The one thing the Los Angeles Kings and New York Rangers had in common when they met in the Stanley Cup Final was their ability to build their teams without having to rely on big-money free agents. The only player on either team that signed a significant contract in the free agent market was Brad Richards with the Rangers, and as soon as the series ended they used a compliance buyout to get the remaining four years of his deal off of their salary cap.

Building a team through free agency is a tough route to take because teams are usually willing to pay up to keep the best players in the league and prevent them from hitting the open market. The players that do end up getting to test free agency are either flawed and can be expensive gambles, or have usually already played their best hockey and are at a point in their career where their production is going to start declining.  

Read the full article here.

"Are the Chicago Blackhawks’ Top Young Talents Destined to Be Traded?" by Steve Silverman for Bleacher Report. 

When young players get drafted or signed by the Chicago Blackhawks, it is almost always considered a big honor.

The Blackhawks have one of the most talented rosters and deepest organizations in the NHL. They don’t just bring players aboard so they can have another body to fill out the uniform.

General manager Stan Bowman is looking for high quality, and he has a proven track record.

But after players like Ryan Hartman (2013 first-round draft pick) and Nick Schmaltz (this year’s first-round selection) get done realizing what a compliment they have received, the good times start to fade away. Chicago’s talented roster cuts two ways.

Read the full article here.

"Valeri Kharlamov: The Most Overrated Player in History" by Bill Schoeninger for The Hockey Writers. 

If you were to ask a hockey fan from Russia who the greatest Russian/Soviet player ever was, the answer, without hesitation, would be Valeri Kharlamov. In Russia, Kharlamov enjoys legendary status among hockey fans. His legend is so great that some question whether he was as talented as Wayne Gretzky or Mario Lemieux. He is the idol of almost every young Russian hockey player. Ilya Kovalchuk wore Valeri Kharlamov’s #17 in the NHL, and Evgeni Malkin wears the reverse, #71. No Russian player wears Kharlamov’s #17 in international games (other than the World Juniors), and for awhile, nobody did in the Russian domestic league.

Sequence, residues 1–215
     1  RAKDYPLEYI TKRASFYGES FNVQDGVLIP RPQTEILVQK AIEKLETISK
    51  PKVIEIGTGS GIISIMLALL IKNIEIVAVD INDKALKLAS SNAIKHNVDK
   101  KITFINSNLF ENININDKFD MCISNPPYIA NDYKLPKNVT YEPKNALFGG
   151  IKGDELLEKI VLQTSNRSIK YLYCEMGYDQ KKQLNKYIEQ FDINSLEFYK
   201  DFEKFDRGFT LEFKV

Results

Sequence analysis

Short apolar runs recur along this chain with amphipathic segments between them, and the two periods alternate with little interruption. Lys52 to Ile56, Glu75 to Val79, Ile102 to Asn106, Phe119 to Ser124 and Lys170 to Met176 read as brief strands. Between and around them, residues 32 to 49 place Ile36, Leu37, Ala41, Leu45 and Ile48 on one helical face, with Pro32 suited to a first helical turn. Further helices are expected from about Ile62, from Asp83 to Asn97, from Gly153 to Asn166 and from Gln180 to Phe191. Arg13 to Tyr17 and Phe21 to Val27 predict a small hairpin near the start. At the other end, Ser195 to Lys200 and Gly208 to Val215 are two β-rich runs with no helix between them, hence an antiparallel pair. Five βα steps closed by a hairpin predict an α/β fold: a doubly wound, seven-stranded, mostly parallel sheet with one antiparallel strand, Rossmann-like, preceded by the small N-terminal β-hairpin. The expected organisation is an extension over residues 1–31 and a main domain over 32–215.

Other than fellow Soviet Vladislav Tretiak, Valeri Kharlamov is the only player to be elected to the Hockey Hall of Fame without playing a single NHL game. He is also a member of the IIHF Hall of Fame, Russian Hockey Hall of Fame, and was selected to the IIHF Centennial All Star Team.

Read the full article here. 

"Valeri Kharlamov: The Most Overrated Player in History" by Bill Schoeninger for The Hockey Writers. 

If you were to ask a hockey fan from Russia who the greatest Russian/Soviet player ever was, the answer, without hesitation, would be Valeri Kharlamov. In Russia, Kharlamov enjoys legendary status among hockey fans. His legend is so great that some question whether he was as talented as Wayne Gretzky or Mario Lemieux. He is the idol of almost every young Russian hockey player. Ilya Kovalchuk wore Valeri Kharlamov’s #17 in the NHL, and Evgeni Malkin wears the reverse, #71. No Russian player wears Kharlamov’s #17 in international games (other than the World Juniors), and for awhile, nobody did in the Russian domestic league.

Other than fellow Soviet Vladislav Tretiak, Valeri Kharlamov is the only player to be elected to the Hockey Hall of Fame without playing a single NHL game. He is also a member of the IIHF Hall of Fame, Russian Hockey Hall of Fame, and was selected to the IIHF Centennial All Star Team.

Read the full article here. 

"3 Takeaways from Boston Bruins 2014 Development Camp" by Al Daniel for Bleacher Report. 

With Sunday’s conclusion to their 2014 prospect development camp, the Boston Bruins have polished off the first on-ice appetizer for 2014-15.

Monday marks 66 days until the Sept. 18 training camp opener, when the established professionals reconvene. They could join one or both of the first-round draft picks who spent the past week training with their fellow young aspirants.

Read the full article here.